The Critical 'I'

Read. React. Repeat.

Monday, March 10, 2003

i fart in your general direction!
Those pesky French! How dare they get in the way of Dubbaya's little Iraqi Adventure? It's darn near enough to hit 'em with a highly symbolic boycott of all things (obviously) French and French-ish.

Of course, in an increasingly globalized world (at least the developed part of it), where corporate and macroeconomic concerns are so intertwined that it's hard to tell if most products even have a national origin/identity, boycotts like this are not at all effective. I'm betting not one of the pinheads in this piece is even considering boycotting, say, any of Vivendi Universal's media properties, which consist (at least for now) of a big hunk of American popular culture.

But of course, that's not the point in actions like these. It's all about symbolism--you target those things that are obviously, distinctly French. Even when they're not. To wit: I especially like the renaming of French fries to "freedom fries"; very reminiscent of the "victory cabbage" moniker given to sauerkraut during World War II. (Note that that didn't last.)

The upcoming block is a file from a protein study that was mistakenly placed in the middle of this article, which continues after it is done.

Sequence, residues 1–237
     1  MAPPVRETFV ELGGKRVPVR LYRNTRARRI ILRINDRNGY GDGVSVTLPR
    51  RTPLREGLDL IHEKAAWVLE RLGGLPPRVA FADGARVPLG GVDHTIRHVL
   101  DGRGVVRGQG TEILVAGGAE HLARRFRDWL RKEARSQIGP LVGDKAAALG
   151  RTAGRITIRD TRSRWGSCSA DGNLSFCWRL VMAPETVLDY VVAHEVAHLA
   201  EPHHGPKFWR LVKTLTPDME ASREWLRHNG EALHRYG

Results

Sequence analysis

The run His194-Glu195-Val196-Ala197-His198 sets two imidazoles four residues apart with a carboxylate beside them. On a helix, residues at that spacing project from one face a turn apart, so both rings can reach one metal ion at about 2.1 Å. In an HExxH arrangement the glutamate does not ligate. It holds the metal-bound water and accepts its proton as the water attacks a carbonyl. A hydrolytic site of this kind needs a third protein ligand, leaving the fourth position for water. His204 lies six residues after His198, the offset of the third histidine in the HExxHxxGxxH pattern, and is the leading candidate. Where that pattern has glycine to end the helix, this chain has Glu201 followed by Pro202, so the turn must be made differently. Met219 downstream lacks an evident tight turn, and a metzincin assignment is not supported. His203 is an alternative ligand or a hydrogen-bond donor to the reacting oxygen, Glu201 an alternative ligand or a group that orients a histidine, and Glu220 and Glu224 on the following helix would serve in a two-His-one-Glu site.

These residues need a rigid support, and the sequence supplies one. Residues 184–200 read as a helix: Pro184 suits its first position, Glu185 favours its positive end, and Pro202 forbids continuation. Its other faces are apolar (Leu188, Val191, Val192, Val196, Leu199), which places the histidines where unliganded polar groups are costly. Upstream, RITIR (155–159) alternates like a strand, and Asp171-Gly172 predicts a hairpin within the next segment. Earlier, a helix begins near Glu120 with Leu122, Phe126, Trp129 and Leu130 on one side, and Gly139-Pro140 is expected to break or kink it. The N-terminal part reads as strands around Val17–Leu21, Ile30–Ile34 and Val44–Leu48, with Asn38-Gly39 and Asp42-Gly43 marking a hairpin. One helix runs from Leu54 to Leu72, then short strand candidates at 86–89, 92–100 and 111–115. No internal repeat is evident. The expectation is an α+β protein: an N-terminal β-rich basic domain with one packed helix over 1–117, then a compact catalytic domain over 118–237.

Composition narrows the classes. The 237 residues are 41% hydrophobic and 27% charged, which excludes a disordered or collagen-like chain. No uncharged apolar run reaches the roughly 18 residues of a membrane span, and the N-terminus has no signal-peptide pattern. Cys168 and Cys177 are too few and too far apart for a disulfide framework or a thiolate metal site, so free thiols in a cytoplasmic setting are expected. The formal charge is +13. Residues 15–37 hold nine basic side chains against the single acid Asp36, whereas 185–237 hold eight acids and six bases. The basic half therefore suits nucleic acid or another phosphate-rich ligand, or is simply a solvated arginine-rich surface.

I really like how this referenced article sets this latest division between America and France within the context of the entire history of Franco-American interaction:

To historians, however, these sorts of jibes are as old as the two republics themselves. Born from the same intellectual ferment of the late 18th century, they are at once closely intertwined, yet radically different... Both see themselves as models for new nations — America's ideal of a democracy unencumbered by government vs. France's notion of a state as the central and active agent in society. Both see themselves as leaders of the new global statecraft — America's might vs. France's consensus...

"French culture is influenced by aristocratic images," says Jean-Philippe Mathy, author of French Resistance: The French-American Culture Wars. "That clashes with the popular culture of the U.S."

When you get right down to it, the French just make such tempting targets, cheese-eating surrender monkeys that they are. Much more satisfying to attack than the Germans or Russians, who of course are just as opposed to an Iraq war.